The oil price was steady ahead of an OPEC+ meeting on Monday to discuss production policy amid a rapidly tightening market.
Futures in New York traded near $76 a barrel after capping a sixth weekly gain on Friday. The alliance, led by Saudi Arabia and Russia, may have to consider raising output in November by more than its planned 400,000 barrels a day, according to some market watchers. OPEC’s own modeling is showing demand will outstrip supply over the next two months.
The market has tightened significantly recently following a robust rebound in demand from economies recovering from the pandemic and a supply disruption in the Gulf of Mexico due to Hurricane Ida. Surging natural gas prices ahead of winter have also raised the prospect of higher volumes of oil products being consumed in power generation, potentially boosting overall demand.
“An OPEC+ decision to add more supply to the market than planned could calm prices down,” said Vandana Hari, founder of Vanda Insights in Singapore. “But it is by no means a slam dunk. Such a proposal could spark off plenty of debate and disagreement, especially as crude backed off from $80.”
-West Texas Intermediate for November delivery dipped 0.4% to $75.58 a barrel on the New York Mercantile Exchange at 12:08 p.m. in Singapore after rising 1.1% on Friday.
-Futures climbed 2.6% last week.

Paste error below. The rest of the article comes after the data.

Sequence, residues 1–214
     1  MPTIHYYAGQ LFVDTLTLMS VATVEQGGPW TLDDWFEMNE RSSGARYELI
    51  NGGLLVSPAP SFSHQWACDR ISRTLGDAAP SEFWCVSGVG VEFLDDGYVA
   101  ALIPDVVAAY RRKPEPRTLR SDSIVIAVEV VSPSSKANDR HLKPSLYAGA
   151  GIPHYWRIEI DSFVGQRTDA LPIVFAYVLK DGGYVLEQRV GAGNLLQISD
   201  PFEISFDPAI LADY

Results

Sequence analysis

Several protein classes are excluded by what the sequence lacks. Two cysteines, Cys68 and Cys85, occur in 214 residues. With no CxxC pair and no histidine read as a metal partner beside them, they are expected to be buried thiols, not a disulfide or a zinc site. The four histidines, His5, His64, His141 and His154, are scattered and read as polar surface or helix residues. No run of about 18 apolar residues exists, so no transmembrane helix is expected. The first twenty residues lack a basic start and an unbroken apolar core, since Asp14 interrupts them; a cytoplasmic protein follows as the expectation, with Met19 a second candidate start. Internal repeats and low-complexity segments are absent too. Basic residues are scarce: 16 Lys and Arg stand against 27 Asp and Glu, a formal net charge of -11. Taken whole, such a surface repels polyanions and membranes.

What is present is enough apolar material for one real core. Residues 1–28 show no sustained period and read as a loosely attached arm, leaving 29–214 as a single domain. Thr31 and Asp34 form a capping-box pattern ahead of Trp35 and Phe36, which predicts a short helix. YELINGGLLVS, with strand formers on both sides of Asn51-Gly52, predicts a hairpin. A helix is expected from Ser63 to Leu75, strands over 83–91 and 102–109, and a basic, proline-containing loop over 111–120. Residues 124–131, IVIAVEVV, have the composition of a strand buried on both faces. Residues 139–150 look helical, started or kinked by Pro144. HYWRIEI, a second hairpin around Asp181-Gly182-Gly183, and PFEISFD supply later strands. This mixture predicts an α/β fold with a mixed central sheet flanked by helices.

-Brent for December settlement slipped 0.3% to $79.02 on the ICE Futures Europe exchange after front-month prices advanced 1.5% last week for a fourth weekly gain.
-The prompt timespread for Brent was 76 cents in backwardation, compared with 52 cents at the start of last month.
OPEC+ production policy will be the main factor influencing oil prices over the coming months, according to Vitol Group. There’s little chance of Iranian barrels returning this year and U.S. shale producers aren’t investing enough to raise output quickly, Mike Muller, the head of Asia for Vitol, said on a Sunday webinar hosted by Dubai-based consultancy Gulf Intelligence.
Fuel switching due to high coal and gas prices is likely to see oil demand rise by 500,000 barrels a day this winter, Sri Paravaikkarasu, head of Asia oil at FGE, said during a Bloomberg Television interview. A cold winter could see consumption climb by a further 200,000 to 300,000 barrels a day, she added.